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The unique charms of Marian McPartland

Marian

By Mary Kunz Goldman

When someone lives to be 95, you can't complain. But it will be hard not to miss Marian McPartland.

She leaves such a legacy with her "Piano Jazz" show, which aired for years on WBFO-FM. It spotlighted almost any great jazz pianist you could think of. It was so sincere, and so personal. It was always funny to hear McPartland reminiscing about her husband, Jimmy McPartland. They got divorced but they stayed close friends. She would talk about George Shearing and the Hickory House where they all played. It was a British thing.

I will never forget the show where she had Joe Williams on and she could not stop giggling. She was like a schoolgirl, and Joe Williams knew it, you could just tell. When he went and did the risque "Who She Do," McPartland almost lost it and I did, too.

McPartland's playing was cool and bright and she had such an appreciation for the old standards. Once, a guest suggested a contemporary number. "Yes, we could play that," McPartland said. She paused. "But why play that when we could play ..." And she started in on "The Song Is You."

In 2002, McPartland came to Chautauqua along with a few other pianists including Ruth Laredo, the great classical virtuoso who died, tragically, rather young. I interviewed them and was surprised to find that Laredo was the cut-up, the broad, the one you could talk to. McPartland was more reserved.

Still, she was funny. "Oh, damn," she said once, in that British accent. "I have another call."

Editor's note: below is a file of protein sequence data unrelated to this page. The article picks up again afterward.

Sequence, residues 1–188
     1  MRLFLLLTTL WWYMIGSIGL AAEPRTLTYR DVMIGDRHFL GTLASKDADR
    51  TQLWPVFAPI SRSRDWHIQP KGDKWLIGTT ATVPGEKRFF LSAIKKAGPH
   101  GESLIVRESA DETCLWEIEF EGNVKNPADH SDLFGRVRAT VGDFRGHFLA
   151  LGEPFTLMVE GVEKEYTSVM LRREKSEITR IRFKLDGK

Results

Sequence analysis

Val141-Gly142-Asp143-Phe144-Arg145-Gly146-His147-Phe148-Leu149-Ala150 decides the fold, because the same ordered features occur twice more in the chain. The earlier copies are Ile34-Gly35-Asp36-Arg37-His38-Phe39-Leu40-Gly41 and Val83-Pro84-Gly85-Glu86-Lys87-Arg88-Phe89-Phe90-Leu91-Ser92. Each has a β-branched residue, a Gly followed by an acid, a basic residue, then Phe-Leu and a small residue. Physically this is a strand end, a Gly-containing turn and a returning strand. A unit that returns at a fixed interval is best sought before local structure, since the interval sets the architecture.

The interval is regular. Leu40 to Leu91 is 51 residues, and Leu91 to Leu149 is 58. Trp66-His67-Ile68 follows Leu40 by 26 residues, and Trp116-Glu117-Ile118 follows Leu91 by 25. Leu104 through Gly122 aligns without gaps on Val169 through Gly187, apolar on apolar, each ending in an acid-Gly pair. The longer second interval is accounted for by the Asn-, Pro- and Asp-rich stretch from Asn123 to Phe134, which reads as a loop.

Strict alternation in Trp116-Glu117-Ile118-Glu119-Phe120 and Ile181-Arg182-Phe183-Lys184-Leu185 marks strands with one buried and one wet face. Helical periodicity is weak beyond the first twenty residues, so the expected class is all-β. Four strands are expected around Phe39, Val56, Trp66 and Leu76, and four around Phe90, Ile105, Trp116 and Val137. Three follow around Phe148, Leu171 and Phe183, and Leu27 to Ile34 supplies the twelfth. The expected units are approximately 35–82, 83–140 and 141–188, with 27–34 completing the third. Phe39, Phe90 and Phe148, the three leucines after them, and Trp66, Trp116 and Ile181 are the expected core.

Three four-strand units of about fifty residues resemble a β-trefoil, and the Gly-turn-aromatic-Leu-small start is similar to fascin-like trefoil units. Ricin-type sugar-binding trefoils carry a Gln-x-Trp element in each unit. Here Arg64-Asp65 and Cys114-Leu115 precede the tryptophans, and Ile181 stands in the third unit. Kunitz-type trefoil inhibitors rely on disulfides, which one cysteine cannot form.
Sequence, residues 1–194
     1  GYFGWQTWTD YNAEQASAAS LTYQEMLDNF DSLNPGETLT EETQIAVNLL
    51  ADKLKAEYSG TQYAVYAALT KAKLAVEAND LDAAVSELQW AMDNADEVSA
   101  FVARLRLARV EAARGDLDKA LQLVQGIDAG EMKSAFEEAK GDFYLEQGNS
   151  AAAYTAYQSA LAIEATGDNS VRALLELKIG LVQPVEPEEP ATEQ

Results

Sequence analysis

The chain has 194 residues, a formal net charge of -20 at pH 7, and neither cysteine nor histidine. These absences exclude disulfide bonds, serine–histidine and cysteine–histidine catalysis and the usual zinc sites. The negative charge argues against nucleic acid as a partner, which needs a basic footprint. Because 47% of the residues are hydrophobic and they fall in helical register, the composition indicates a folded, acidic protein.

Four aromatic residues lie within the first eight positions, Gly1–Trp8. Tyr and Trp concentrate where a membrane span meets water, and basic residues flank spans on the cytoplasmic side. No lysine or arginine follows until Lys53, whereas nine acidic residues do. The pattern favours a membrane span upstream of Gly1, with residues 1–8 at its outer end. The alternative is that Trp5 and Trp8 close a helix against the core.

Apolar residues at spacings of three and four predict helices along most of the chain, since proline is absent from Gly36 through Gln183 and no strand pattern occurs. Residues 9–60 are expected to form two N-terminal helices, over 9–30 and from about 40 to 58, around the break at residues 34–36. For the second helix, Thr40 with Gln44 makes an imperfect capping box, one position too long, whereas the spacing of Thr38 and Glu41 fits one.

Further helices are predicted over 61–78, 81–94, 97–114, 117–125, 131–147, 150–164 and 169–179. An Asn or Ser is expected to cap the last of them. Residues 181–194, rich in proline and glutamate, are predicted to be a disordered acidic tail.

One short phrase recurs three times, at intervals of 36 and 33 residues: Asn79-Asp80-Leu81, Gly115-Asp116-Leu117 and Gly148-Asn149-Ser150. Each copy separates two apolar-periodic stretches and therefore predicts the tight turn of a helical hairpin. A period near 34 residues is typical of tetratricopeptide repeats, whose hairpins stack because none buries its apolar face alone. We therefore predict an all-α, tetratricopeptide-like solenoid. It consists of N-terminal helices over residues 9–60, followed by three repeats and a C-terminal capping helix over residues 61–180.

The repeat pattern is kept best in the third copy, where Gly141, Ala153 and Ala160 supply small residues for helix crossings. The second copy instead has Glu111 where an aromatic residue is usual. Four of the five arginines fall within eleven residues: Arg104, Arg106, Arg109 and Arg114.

The reserve melted further when I happened to ask her about the dress she wore in the picture "A Great Day in Harlem," pictured up above. That is she in the dress in the front row standing, just right of center. She is speaking with Mary Lou Williams, to the right of her. Anyway, about that dress, I asked her what color it was.

She laughed and grew animated. "It was a nice, yellow cotton dress," she said. "Perfect for that weather." She remembered that legendary picture with such pride. After that we talked more easily.

Ruth Laredo, I remember, got a kick out of Marian. "She's so salty and funny," she said to me. "And she's very spontaneous. She doesn't plan what she's going to play. At all the concerts you'll see her in her dressing room, all dressed up. She'll write down what she's going to play on the back of an envelope. I've gone to see her at Birdland, she's got that little envelope."

McPartland never lost that envelope, or that quicksilver quality. In 2009 the young Buffalo pianist Christopher Ziemba appeared on "Piano Jazz." I asked Ziemba, then 22, what the experience was like.

"As soon as she sat down at the piano, it was as if a huge light bulb turned on," he said. "When she played, it wasn't as if she was 91 years old. There was a twinkle in her eyes. She was very astute."

That was Marian McPartland, in love with music until the end.

God love her.

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